Transition to tyranny? Nicolas Sarkozy welcomes Andry Rajoelina as the President of the High Transitional Authority of Madagascar. Photo by Jeannot Ramambazafy under a CC Licence.
The eyes of the world seem to be fixed on Madagascar. Or should I say Madagascar 3: Europe’s Most Wanted? The animated comedy movie with lions, zebras and other assorted animals that talk, sing and dance, continues to sit atop the box office, dazzling audiences around the world.
The world is not quite as bedazzled, on the other hand, by recent events on the large island that sits to the south-east of the African mainland, which also happens to be known as Madagascar. In fact, if the levels of media coverage are any indication, many might be surprised to learn that things are going on there at all.
But they most certainly are. In 2009, amid political upheaval on the island, 35-year-old Andry Rajoelina, former mayor of Antananarivo, the capital, (and before that, a radio DJ), took control of the country with the backing of the military and was declared President of the ‘High Transitional Authority.’
His rise to power was swiftly condemned by most of the outside world as a coup d’etat. Madagascar was suspended from the Southern African Development Community (SADC) and the African Union (which also imposed targeted sanctions on the new ‘government’). The bulk of non-humanitarian aid coming from beyond the continent was also cut off. For its own political and economic reasons, France, however, continues to back the de facto administration.
It has been a long and eventful transition. Rajoelina promised presidential elections and promised not to stand as a candidate. But the elections did not happen. He managed to push through a constitutional referendum that conveniently reduced the minimum age for the president from 40 to 35, making him eligible to stand. A group of disgruntled soldiers attempted a coup of their own in 2010, but the mutiny was put down.
The deposed president, Marc Ravalomanana, who went into exile in South Africa, was sentenced in absentia to life imprisonment. An agreement signed by all the major political parties under the auspices of SADC established a road map for a unity government and elections. And although the same agreement guarantees the unconditional right to return for exiled political leaders, a unilateral attempt by Ravalomanana to do so ended in failure when the commercial flight he had boarded was refused permission to land.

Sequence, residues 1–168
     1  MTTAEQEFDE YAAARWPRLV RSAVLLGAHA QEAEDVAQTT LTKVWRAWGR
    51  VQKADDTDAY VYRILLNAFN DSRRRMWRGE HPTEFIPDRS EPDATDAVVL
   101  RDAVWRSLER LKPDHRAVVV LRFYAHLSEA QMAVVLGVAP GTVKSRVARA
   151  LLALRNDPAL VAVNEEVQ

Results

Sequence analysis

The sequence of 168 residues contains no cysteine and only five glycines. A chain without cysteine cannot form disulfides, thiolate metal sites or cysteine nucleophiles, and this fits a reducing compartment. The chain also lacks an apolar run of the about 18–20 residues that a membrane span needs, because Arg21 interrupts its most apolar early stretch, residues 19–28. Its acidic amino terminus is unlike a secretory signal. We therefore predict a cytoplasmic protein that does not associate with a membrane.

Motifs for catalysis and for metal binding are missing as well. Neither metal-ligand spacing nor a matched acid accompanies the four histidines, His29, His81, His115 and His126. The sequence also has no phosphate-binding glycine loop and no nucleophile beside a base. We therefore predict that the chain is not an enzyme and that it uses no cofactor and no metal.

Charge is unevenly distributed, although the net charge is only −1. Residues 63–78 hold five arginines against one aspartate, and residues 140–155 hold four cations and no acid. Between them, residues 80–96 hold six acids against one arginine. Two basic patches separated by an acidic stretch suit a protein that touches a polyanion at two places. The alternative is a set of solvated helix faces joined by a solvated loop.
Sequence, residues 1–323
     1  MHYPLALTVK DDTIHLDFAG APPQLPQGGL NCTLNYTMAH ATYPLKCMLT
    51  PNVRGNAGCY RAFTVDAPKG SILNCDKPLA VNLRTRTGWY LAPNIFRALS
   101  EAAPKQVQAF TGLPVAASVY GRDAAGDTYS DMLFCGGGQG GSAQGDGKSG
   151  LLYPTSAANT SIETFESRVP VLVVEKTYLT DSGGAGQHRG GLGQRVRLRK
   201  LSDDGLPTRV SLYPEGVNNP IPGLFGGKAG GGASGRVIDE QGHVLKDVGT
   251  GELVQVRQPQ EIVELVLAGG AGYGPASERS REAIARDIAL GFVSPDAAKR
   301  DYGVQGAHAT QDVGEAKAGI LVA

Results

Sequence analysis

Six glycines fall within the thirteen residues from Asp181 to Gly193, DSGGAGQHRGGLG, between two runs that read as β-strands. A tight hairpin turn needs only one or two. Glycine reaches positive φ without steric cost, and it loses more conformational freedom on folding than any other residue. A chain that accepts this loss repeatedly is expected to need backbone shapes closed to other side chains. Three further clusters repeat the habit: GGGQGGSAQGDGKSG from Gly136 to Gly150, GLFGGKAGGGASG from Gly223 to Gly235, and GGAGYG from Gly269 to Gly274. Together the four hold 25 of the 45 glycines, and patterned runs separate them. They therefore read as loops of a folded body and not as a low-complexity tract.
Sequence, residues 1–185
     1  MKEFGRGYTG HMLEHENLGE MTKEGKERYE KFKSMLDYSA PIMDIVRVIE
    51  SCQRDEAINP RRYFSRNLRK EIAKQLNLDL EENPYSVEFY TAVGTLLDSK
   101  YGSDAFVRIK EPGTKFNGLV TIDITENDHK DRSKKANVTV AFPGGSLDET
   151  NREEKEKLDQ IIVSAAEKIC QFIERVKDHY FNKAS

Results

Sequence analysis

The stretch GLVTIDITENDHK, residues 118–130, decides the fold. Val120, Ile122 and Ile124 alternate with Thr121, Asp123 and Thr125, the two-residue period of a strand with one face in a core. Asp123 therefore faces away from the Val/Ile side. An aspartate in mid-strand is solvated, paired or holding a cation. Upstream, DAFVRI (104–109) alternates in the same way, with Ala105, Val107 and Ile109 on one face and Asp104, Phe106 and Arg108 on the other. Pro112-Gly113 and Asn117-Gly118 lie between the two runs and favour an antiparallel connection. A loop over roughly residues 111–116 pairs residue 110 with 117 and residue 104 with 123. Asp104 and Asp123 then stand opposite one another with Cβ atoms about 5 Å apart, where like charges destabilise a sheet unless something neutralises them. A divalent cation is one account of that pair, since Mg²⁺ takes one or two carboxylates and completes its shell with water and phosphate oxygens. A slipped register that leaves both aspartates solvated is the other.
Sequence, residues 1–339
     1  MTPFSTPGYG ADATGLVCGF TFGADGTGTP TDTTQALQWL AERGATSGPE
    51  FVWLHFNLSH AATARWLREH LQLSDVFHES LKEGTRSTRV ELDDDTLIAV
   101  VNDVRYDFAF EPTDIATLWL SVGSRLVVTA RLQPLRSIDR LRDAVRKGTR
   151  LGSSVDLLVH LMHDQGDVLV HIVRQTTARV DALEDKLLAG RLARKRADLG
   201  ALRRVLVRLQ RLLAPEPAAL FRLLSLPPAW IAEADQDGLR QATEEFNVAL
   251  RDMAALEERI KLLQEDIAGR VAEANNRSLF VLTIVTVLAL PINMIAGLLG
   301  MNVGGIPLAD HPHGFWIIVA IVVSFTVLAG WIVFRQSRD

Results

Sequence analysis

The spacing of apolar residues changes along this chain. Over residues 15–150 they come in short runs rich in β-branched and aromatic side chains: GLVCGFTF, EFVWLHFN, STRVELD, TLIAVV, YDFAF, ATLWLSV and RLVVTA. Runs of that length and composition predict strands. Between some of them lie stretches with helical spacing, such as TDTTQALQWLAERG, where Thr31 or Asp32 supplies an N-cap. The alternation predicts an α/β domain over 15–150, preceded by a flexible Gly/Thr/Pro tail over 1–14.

But before becoming overly sympathetic to the plight of the deposed president, we might spare a thought for how things were in Madagascar before he was deposed. In March 2009, thousands of demonstrators gathered near the presidential palace to protest against what was perceived as a corrupt and increasingly authoritarian regime. Presidential guards threw grenades and fired into the crowd and a massacre ensued leaving as many as 50 people dead.
And South Africa is unlikely to remain a safe haven for Ravalomanana for much longer. In 2012, a court in South Africa ruled that foreign nationals in that country who are accused of crimes against humanity must be investigated, and Ravalomanana would appear to fall under this category.
For the time being, attempts at a return to political life may have to take a back seat to the realization of a reconciliation deal that includes a pardon for the crimes he has already been convicted of (in absentia) in Madagascar and immunity from further prosecution. Rajoelina and Ravalomanana have, in fact, agreed to a meeting, which will possibly take place at the end of June, although the agenda is unclear.
In spite of the endless political wrangling, life goes on for the people of Madagascar. But it is not the same as it was before. The country’s political crisis coincided with the global financial crisis, and the economy has taken a battering.
Foreign investment and international demand for the country’s produce (not least vanilla, of which Madagascar is the world’s leading producer) have dropped. Levels of illegal logging and mining and the resulting environmental degradation, on the other hand, have skyrocketed. Poverty levels are rising and health indicators are falling. As the expression goes, when elephants fight the grass gets trampled.
Madagascar 3 had its happy ending. Hopefully the other Madagascar will too. And even if this is a little too much to hope for, an increase in the levels of attention from the outside world – some enhanced external scrutiny, engagement, and cajoling – will probably not hurt its chances of at least heading in the direction of something happier.